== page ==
An admitted shoe geek waxes philosophical about running, triathlon, and life in general.
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Tuesday, March 20, 2018

Why it works -- Some Kinekt details from my perspective

To say I was enamored with the Softride system is to invoke the British gift of understatement. I've had three dedicated Softride bikes, by two different framebuilders.

I raced them. On the road and on the track. In a transitional era when bike racing and what constituted an acceptable machine was still steeped in tradition, and anything "not normal" was derided. Constantly. But in spite of being on something so unusual (and before they were deemed "no longer legal" for international competition), I did fairly well for myself.

I've now been riding on a Kinekt seatpost for a little over a week. Well, actually, I've put in five rides on it. Three days in a row over the first weekend (Aaaaaah!), then a week riding my single-speed monster-crosser without the Kinekt, a weekend of trainer rides (and Netflix)... I brought the Kinekt to work to put on that bike to ride over VERY familiar terrain (almost 40 hours so far just this year on these trails/gravel roads).

 Oh, yes! It made this:

feel more like this:

But I'm not so much wanting to gush about how good it feels, rather I want to take a little time to expound on why I think it works so well for gravel and even road riding.

Most of what hits you on gravel is fairly low amplitude single bumps, non-rhythmic stuff going over embedded small rocks, sticks, small pot-holes-in-the-making, and the occasional grass clump. We're not talking about the big stuff that you should be avoiding or jumping anyway (your tires will thank you), but the constant undulations, pokes, prods, and little jolts that you unconsciously (or consciously in many cases) unweight the saddle to roll over.

It's exactly this kind of constant upsetting in which the Kinect post shines. There are two reasons for this, in my opinion: Direction of movement, and active nature.

Direction of movement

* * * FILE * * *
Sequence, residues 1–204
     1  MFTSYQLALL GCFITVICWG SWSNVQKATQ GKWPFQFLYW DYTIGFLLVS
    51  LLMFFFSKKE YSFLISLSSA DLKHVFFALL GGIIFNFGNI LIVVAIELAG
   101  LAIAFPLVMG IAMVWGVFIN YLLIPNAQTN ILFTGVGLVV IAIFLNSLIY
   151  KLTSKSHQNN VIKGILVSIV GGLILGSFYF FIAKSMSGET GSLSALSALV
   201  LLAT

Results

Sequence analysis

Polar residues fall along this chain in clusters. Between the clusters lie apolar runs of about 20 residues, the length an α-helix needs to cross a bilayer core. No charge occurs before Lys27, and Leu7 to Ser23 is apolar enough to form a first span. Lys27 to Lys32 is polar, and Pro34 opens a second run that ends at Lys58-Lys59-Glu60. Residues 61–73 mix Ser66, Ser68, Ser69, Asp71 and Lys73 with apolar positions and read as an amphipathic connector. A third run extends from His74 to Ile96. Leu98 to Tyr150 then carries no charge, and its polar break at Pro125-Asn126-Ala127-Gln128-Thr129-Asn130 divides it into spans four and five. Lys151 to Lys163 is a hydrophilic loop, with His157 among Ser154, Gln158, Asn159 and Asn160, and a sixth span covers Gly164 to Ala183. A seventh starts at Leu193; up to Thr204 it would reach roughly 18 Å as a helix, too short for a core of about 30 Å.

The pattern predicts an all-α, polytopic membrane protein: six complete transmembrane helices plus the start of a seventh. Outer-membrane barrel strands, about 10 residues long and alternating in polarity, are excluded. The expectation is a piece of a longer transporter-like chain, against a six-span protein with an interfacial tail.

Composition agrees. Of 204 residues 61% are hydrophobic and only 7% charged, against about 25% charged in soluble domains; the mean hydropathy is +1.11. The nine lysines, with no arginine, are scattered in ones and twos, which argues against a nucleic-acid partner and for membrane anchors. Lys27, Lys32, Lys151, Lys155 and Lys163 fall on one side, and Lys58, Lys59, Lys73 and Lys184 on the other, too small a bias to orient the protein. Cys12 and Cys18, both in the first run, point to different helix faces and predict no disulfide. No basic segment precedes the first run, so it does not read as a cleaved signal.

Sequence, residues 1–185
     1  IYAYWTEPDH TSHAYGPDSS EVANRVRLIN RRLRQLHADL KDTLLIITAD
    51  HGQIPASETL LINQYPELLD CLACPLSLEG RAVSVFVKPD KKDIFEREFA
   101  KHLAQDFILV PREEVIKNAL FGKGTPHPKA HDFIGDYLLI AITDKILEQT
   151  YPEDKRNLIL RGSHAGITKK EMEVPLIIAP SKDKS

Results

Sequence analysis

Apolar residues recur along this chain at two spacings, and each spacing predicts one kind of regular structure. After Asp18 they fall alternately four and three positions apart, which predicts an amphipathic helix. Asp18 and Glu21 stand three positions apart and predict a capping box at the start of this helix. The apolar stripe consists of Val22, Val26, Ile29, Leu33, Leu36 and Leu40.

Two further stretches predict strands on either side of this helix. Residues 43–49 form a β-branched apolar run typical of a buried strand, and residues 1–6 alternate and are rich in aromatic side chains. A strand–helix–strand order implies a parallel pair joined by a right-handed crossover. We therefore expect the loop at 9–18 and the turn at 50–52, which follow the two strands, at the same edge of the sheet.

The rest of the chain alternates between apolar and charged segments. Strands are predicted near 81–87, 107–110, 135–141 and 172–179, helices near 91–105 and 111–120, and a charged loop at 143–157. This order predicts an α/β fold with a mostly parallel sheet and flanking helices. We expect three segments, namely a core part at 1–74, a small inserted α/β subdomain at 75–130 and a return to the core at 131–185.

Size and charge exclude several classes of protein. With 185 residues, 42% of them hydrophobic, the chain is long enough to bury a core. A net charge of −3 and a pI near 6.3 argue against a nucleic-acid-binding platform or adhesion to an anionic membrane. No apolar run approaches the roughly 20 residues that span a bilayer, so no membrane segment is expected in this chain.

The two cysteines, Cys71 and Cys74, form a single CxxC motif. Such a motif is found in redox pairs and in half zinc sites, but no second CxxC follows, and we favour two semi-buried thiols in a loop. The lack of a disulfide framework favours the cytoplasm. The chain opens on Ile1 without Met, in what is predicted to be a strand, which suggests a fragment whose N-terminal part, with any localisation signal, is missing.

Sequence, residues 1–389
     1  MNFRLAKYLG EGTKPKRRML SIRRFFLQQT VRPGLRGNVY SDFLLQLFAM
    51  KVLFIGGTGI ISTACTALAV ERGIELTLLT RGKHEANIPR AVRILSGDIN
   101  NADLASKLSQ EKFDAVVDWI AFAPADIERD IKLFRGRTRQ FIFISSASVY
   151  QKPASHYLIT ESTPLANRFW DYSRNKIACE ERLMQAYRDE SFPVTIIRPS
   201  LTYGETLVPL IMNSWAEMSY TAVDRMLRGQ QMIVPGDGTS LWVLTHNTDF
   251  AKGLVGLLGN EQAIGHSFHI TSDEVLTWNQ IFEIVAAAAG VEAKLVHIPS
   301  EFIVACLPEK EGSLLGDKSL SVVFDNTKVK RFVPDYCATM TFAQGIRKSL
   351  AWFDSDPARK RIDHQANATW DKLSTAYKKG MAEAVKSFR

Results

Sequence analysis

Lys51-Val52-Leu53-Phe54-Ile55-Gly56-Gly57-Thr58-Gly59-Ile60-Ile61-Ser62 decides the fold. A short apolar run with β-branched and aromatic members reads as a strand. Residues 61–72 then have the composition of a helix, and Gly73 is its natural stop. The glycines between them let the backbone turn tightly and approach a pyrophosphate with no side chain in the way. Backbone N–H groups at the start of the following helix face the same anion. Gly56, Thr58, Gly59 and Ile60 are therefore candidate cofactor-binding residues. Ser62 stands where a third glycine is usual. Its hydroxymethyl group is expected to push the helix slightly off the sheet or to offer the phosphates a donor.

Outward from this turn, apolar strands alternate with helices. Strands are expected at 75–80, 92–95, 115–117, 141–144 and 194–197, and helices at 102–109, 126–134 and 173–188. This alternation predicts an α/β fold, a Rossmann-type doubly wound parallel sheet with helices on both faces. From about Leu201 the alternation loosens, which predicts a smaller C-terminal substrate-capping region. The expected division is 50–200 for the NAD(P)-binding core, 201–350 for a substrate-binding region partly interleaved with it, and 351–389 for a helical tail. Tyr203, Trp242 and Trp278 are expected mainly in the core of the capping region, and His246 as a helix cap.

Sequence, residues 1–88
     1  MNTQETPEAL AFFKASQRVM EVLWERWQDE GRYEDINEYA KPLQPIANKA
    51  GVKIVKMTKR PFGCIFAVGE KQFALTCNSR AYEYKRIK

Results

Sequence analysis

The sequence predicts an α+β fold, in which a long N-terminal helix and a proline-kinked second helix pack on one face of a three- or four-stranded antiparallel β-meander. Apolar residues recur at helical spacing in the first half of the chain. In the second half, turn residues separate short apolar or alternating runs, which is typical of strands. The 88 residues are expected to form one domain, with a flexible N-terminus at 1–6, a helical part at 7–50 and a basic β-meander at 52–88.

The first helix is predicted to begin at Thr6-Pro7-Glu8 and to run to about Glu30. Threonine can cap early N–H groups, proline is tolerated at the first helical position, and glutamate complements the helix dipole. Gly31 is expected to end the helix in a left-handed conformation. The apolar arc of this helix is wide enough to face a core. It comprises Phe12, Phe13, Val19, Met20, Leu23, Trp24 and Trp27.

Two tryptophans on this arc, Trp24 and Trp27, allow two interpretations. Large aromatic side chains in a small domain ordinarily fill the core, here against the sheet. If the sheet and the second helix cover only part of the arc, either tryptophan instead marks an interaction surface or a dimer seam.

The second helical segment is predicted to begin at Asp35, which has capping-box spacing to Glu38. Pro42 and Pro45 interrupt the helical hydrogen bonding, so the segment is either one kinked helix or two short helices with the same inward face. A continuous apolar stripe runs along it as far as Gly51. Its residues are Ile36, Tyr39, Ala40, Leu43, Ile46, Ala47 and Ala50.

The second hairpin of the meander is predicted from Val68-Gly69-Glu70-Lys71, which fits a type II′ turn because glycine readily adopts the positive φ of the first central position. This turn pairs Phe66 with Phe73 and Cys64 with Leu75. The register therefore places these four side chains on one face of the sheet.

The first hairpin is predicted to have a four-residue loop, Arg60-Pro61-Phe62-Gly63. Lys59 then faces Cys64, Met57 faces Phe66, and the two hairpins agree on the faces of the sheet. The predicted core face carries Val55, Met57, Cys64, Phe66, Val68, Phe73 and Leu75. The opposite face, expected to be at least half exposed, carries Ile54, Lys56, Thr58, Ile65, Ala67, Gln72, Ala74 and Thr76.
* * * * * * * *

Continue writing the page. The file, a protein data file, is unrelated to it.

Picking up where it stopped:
When the rear wheel rolls over a small bump, the entire bike rotates around an axis. Initially one might think that the point of contact of the front tire to the ground is that axis, but the entire bike is not a rigid body. The wheels rotate, or from another perspective, the bike also around the wheel at the hub. The axis of the bike when the rear wheel hits a bump is at the front hub rather than the front tire's contact patch. The rear hub motion is vertical, only because it is at a horizontal position relative to the front hub. The saddle rigidly attached to the frame moves in an arc upward and slightly forward. To counteract this in an ideal manner, the suspension motion must be down and slightly rearward.

Which is just what the Kinekt does. Unlike telescoping systems, the parallelogram moves the saddle in very nearly the ideal direction.

Active nature

The second reason the Kinekt works so well on the small, constant hits is its active nature. Shock-absorber based suspension systems rely on seals and dampers to keep the suspension medium (air and oil) in the fork and working. These seals produce friction -- resistance to the suspension doing its job. Additionally, dampers slow the motion of the shock so that it doesn't "pack up" or over-rebound. This is great on the big hits, but a shock system tuned for hits like that is fairly inactive over small stuff. And that's the nature and need in the mountain bike world. For gravel riding, the hits are smaller, and you want a suspension that lacks the "stiction" (static friction) of an air/oil shock based system. You want it to be active on the small hits.

Again, the Kinekt shines in this regard as well. Where the Softride worked as essentially a big leaf spring (with an elastomer layer for damping), the Kinekt uses coil springs inside the parallelogram, and extremely little in the way of friction. The result is a very active suspension that responds to the small bumps, with enough travel to take up most of the normal little stuff that you'd ride over.

The big hits? Potholes, large, sharp half-buried rocks? Still go around them or jump over them. You'd be pinching a tube or denting a rim anyway, so just don't go there. The Kinekt won't save you from reckless abandon or sheer lack of smarts.

And that's all well and good when the pavement runs out. But how about road riding? 

Well, again, the very active nature of the Kinekt system reacts to even the smallest of vibrations, so all those chip-sealed backroads feel more like that newly laid asphalt on the main highway. All that little buzz is something that you don't even notice until it's gone, and you wonder how you didn't realize what it was doing to you. It's fatiguing. Taking it away doesn't make you necessarily faster -- in the first hour. But as the ride gets longer, the difference is very apparent.

So... Still a very enthusiastic two-thumbs-up vote. 

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